I would see a wonderful fluted column on a chair, and would discover that it is from Louis XVI’s period. This would tell me that he was historically inspired by Pompei, because the ruins were found at his time. I was able to string together these threads of history because I am first and foremost, a reader... a reader of books, of objects, and of people. I am always looking for signs and symbols and how to interpret them. Of course, my love of travel, and the studying of antiques from different periods around the world helped me gain a better understanding of them.
Toma's Product Recommendations
Robin: People often confuse the terms "vintage" and "antique". What defines them and how do you differentiate between them?
Toma: “Antiques” need to be at least one hundred years old. The term “vintage”, on the other hand, has had varied definitions over time and is subject to debate. For it to be called vintage, some say that an object needs to be fifty years old while others say twenty years is enough for it to be called vintage. Personally, I like to go with twenty years. Some may consider something twenty years old “second-hand” instead of “vintage”, but second-hand still has a very valuable place in the industry. There are often designer pieces that have a great look and still hold tremendous value. These items can add distinctive looks and create the perfect balance in your room. Whether the pieces are vintage, antiques or second-hand, each can add wonderful elements into your home while giving it a unique look that is all your own.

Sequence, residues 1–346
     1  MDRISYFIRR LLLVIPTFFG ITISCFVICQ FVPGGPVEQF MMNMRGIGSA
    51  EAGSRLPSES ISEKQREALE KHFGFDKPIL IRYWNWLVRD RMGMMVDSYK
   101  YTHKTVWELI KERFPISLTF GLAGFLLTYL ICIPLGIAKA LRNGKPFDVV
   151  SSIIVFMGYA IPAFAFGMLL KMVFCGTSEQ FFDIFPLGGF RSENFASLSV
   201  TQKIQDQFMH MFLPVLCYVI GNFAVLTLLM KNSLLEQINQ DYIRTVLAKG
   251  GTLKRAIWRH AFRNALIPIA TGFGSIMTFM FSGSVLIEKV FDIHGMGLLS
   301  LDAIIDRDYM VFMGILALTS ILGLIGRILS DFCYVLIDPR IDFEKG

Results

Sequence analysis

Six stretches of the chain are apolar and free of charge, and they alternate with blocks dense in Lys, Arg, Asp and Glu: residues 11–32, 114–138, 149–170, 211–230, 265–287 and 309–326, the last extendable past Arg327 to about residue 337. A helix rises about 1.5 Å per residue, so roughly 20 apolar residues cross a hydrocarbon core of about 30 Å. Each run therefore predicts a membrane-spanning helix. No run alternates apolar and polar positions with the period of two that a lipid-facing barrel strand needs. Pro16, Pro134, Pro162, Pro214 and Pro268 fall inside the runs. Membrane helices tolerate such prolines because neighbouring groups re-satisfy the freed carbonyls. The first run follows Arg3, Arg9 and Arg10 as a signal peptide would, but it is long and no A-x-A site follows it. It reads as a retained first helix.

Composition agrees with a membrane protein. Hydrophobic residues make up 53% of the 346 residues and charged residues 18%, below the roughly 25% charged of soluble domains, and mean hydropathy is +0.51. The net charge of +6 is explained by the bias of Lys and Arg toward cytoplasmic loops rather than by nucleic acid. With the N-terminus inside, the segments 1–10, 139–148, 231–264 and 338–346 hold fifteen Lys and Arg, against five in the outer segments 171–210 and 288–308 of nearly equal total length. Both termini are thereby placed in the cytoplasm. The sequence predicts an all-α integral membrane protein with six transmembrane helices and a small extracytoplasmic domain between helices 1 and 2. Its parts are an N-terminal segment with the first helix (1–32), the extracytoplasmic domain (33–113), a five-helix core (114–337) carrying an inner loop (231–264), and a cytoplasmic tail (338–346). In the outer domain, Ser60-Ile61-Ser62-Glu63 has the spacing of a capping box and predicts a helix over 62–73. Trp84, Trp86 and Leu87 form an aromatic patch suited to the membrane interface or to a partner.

Personal style and taste.
Robin: Toma, you travel so much, and are exposed to everything. Do you have a personal favorite period or style of antiques?
Toma: My personal style is all about the mix, and my house reflects it. People often comment that my interiors speak a contemporary language even though I have a lot of antiques mixed in.
I love the 18th Century. I like the Rococo phase of Louis XV and Louis XVI , and slightly thereafter, there are objects from King Gustav’s reign in Sweden from the Gustavian period. If I had to choose, I tend to lean towards Gustavian. I personally collect mostly Swedish and French antiques, with some Spanish antiques thrown in for good measure. Almost every item in my home is antique with the exception of some well chosen contemporary furniture, like my white leather couch, my black leather bed, and my Ikea cabinets that are behind my 18th century desk. Yes, I did say Ikea!
Robin: You seem to have embarked on a long, and beautiful journey from the time you started. How has your love for antiques evolved over time?
Toma: I am currently in a smaller home in Venice, as compared to my home in Berlin where I had three kinds of spaces filled with objects. I have gone more minimal over time and my current home is nothing but traditional.
Over time, I have recognized that LESS is more...I want to see antiques with more air around them, I want them to have space to breathe, and for people to be able to see and appreciate the object in all its beauty. So, I am careful when I decorate. I do have a few clusters of collections, while mostly trying to space out my collection. That’s how my personal aesthetic has evolved and that’s also how antiques become modern...when you give them space.
Toma is always an inspiration to me. Keep an eye out next week for part two of my conversation with The Antiques Diva, where I take a deeper look into her life and endeavors. In the meantime, check out Toma's tips and top product recommendations from our exclusive collection of Vintage and Antique Accessories.
Be sure to follow Toma on Instagram if you like taking virtual tours of flea markets and antique dealers, or want to gain a better understanding on how to source and style vintage and antiques for your home.